This is not just a problem for Astronomy. Already, plans to go ahead with the 4GLS Synchrotron light source have been cancelled, and the long awaited second target station for the neutron beam facility ISIS looks doomed. The ambitions of the Nuclear Physicists to join FAIR look likewise a faint hope. Saving £4m/year on Gemini is just a wee bit of extra help ..

So.. if you write to your MP .. tell him/her how bad it is that the Government formed a brand new Research Council, and then screwed it straight off.

The Oil Age : nearly over

November 11, 2007

Our world is an illusion. Ah, thinks reader, ageing hippy post about maya and zen and all that on the way. Nope. I am talking about oil. Civilisation is about to crack, but nobody seems willing to stop the party until the police are actually hammering on the door. We are not talking centuries or decades, we are talking years.

A few brave souls have been trying to tell us this for a while (check out the Oil Drum; Peak Oil News; and Guardian articles here and here) but its finally seeping into the mainstream media. Partly this is because the price of oil is at a record high – not just the highest ever in cash terms, but the highest ever in real terms – higher than the early 1980s panic after the Iranian revolution. Now at $96 per barrel, it is about to burst the magic $100 dividing line, which of course is the kind of thing the media like. At the same time, in the UK, we are hiiting another psychological line – £1/litre at the petrol pumps.

The market is a complex thing – a high price does not prove scarcity. The real point is supply drying up. Now the level of oil reserves is a notoriously contentious subject, but a recent report by the Energy Watch Group (EWG) takes a different approach, looking at the rate of discovery. Oil fields follow a characteristic curve, with the rate of supply being a time-delayed copy of the rate of discovery. You can see this effect in US oil, which peaked in the 1970s. Applying this analysis to the world’s supply, the Energy Watch Group show that the peak of supply is basically NOW.

The report is very clear. Two key figures are reproduced below. The first figure shows that the rate of discovery peaked in the 1960s, and that the rate of production is now much larger. We are using more than we are finding. The second figure shows the EWG forecast for future supply, and the grossly contrasting “World Energy Outlook (WEO)” forecast of the International Energy Agency.

Oil Production versus discovery (EWG report)

Oil supply forecast (EWG report)

Well, somebody is being dumb. I think I know where my guess is. The WEO forecast of growing production nicely matches the growth of world demand of course. Dr Pangloss lives on.

The traditional question people ask is “when does it run out” ? Reserves are generally reckoned at around 1200Gb (Giga-barrels); current consumption is around 30Gb/yr, so thats 40 years left… On the optimistic side, some industry analysts claim we will hit something big and there is maybe more than 3000Gb .. so thats a century of oil. On the pessimistic side, EWG reckon the truth may be more like 850Gb, and by 2020 demand will be 45Gb/yr, so we have more like 20 years. We can get/make more oil, from tar sands, shales, and biofuels, but if we do that our energy consumption and climate change problems get even worse.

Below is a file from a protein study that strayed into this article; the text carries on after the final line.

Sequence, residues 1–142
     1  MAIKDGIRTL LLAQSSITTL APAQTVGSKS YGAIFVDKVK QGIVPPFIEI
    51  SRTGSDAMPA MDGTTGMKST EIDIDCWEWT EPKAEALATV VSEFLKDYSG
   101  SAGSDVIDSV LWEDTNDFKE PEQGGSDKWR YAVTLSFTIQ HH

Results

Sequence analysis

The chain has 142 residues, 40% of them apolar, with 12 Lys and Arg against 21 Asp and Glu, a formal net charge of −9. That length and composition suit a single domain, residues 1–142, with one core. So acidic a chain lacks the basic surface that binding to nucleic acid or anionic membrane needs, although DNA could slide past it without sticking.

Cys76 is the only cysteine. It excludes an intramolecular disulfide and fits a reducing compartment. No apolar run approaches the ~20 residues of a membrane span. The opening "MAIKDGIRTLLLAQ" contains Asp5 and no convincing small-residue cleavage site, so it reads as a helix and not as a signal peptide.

The correct question is “how long before supply fails demand ?” The answer to that looks like during the next few years. This seems hard to escape even if some vast new discovery is made. The world will start fighting over the resource.

Which country’s oil production peaked in the 1970s ? US. Which country’s oil production peaked in 2000 ? UK. Which countries led the invasion of Iraq ? Hmm. Let me think now.

Of course, once Iraq has a nice stable democracy the troops will be leaving. Well apart from the odd fifty thousand or so needed to man the fourteen permanent bases. Maybe Bush ain’t so dumb after all.

tag spam

November 3, 2007

I have had some odd comment spam recently. I don’t mean Laurel Kornfeld spraying paranoia all over my Pluto posts. She’s most welcome. Its just that I know she puts comments in so many people’s blogs, its almost like spam. Her output isn’t humanly possible. Possibly she is a kind of collective, like Bourbaki, or maybe some kind of cyborg built in a secret lab by planetary astronomers.

On WordPress the floodwaters of advertising are held back by the barrier that is Akismet, but every so often a splosh gets over and wets my blog. What gets me is that along with the list of links to cheap ringtones or penis expanders or whatever there is always a line that says “Great blog ! Keep up the good work !” Why ? Am I really going to read this and think “oh hang on, this must be a real comment, he’s read my blog !”

Comment spam seems to be random scattershot stuff. But this evening I got some targeted spam. Its about cremation urns. Here it is, following a post called “A sandwich at the end of the Universe“. Well I did use “cremation” as a tag.. So is targetted spam new, or I have just started getting it cos I only just started using tags ?? (I reto-tagged everything.) I guess urns are good business. The only reliable things in life are death, taxes, and comments by laurel kornfeld.

Then a couple of comments have just been hard to decide. I got one that just said “Physics rocks !”. Well right on, man. This was just about relevant to the post. The link is to a site called “blog 4 rock”. Clearly not auto-spam or regular advertising. Just hand-crafted self promotion ? But I guess thats no different from the regular game of commenting on other people’s blogs. Click on me ! me ! me !

A wee while back I got a comment in Italian, on my very first Pluto post. Again, it doesn’t look like spam, but my Italian is close to non-existent, so how would I know ?